Tracing Your Ancestors Through Letters and Personal Writings

Ruth A Symes

* Looks at the many ways or ancestors wrote down their thoughts and ideas

* Shows family historians how to get the most information from their ancestors' writings

* Looks at private writings, such as memoirs, letters, postcards, diaries

* Covers writings from the Victorian period onwards

* Written by an academic who has ten years' experience
Date Published :
March 2017
Publisher :
Pen and Sword
Series :
Tracing your Ancestors
Illustration :
75 illustrations
Format Available    QuantityPrice
Binding : Paperback
ISBN : 9781473855434
Pages : 256
Dimensions : 9.5 X 6.5 inches
Stock Status : Not Yet Published. Available for Pre-Order
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Could your ancestors write their own names or did they mark official documents with a cross? Why did great-grandfather write so cryptically on a postcard home during the First World War? Why did great-grandmother copy all the letters she wrote into letter-books? How unusual was it that great-uncle sat down and wrote a poem, or a memoir?

Researching Family History Through Ancestors' Personal Writings looks at the kinds of (mainly unpublished) writing that could turn up amongst family papers from the Victorian period onwards - a time during which writing became crucial for holding families together and managing their collective affairs.

With industrialization, improved education, and far more geographical mobility, British people of all classes were writing for new purposes, with new implements, in new styles, using new modes of expression and new methods of communication (e.g. telegrams and postcards). Our ancestors had an itch for scribbling from the most basic marks (initials, signatures and graffiti on objects as varied as trees, rafters and window ledges), through more emotionally charged kinds of writing such as letters and diaries, to more creative works such as poetry and even fiction.

This book shows family historians how to get the most out of documents written by their ancestors and, therefore, how better to understand the people behind the words.

About The Author

After a career in academia and editing, freelance writer and historian Ruth A. Symes now writes for several genealogical magazines including Family Tree Magazine and the BBC's Who Do You Think You Are? magazine. She lives in Manchester with her husband and young daughter. This is her fourth family history book.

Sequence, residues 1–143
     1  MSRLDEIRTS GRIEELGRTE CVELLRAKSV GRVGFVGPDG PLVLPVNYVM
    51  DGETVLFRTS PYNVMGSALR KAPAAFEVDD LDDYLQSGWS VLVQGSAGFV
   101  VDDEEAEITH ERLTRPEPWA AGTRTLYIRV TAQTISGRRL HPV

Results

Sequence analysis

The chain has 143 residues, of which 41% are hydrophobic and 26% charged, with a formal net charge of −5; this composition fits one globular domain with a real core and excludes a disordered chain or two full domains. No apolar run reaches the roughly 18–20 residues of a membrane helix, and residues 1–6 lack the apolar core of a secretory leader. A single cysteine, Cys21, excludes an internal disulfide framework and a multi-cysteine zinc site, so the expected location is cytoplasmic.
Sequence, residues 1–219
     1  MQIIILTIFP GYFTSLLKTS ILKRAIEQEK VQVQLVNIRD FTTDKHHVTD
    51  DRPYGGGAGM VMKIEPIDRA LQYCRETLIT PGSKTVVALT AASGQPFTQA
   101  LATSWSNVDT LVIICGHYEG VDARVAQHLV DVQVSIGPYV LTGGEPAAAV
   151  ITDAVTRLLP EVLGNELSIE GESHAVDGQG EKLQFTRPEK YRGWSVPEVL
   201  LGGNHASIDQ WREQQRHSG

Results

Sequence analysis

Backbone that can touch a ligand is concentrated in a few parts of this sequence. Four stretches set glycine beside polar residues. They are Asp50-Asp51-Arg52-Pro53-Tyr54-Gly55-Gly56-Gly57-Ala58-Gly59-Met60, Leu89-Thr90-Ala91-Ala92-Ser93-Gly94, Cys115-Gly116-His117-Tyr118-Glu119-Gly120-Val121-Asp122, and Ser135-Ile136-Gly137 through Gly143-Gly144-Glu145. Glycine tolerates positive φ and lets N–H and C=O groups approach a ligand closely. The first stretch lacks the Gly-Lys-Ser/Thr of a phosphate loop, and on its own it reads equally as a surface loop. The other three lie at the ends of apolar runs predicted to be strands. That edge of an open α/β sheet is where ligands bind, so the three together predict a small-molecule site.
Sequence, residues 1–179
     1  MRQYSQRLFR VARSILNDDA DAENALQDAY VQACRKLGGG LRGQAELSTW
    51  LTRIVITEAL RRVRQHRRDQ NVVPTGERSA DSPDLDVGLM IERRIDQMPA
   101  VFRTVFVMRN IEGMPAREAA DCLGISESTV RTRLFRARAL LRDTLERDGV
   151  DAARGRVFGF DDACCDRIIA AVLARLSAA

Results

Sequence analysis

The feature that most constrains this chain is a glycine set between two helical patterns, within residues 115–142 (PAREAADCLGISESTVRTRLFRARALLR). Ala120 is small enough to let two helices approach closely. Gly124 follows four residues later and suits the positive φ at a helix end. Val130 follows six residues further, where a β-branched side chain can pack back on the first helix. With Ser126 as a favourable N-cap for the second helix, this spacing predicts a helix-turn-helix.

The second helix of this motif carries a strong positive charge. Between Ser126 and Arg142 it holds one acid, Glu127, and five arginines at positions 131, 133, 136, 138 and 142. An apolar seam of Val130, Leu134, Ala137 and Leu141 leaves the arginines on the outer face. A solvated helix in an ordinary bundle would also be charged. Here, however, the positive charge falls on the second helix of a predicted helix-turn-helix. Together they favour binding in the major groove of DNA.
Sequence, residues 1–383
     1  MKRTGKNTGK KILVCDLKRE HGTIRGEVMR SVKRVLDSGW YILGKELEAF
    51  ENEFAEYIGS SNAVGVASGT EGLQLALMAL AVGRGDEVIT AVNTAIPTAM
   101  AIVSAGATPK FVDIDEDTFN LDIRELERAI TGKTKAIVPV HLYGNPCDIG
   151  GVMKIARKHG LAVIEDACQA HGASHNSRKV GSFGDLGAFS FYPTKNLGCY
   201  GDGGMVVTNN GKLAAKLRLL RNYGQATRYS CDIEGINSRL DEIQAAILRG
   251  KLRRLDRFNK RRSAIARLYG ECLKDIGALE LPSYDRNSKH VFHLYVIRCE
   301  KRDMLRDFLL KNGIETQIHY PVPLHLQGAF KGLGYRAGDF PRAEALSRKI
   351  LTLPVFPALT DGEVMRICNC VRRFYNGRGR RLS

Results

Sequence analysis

"The great strength of this book is the suggestions it offers for further research, many of which you won't have thought about before. At the end of each chapter is a list of questions to pose when looking at particular writings for your forebears. For example, why were they created and who were they for? The book is also full of useful tips such as making comparisons of your ancestors' signatures with people of different ages and genders, and with previous and subsequent generations; this many help to ascertain changes in their lives such as illness and an increase in education. Also, if you ever have to clear out an elderly relative's house, never send their books to a charity shop without looking through them first. The volumes might include handwritten annotations that could tell you more about their thoughts, hopes and dreams in their life. The book also highlights an excellent range of online and offline sources to follow up, and it's well illustrated with examples of personal writings; it's an absorbing and thought-provoking read."

- Who Do You Think You Are?, February 2017

It's an absorbing and well-illustrated read, and will be of interest to you whether you're trying to track down your ancestor's written record, or just want to read about our predecessors' attitude towards the written word.

- Your Family History, July 2017

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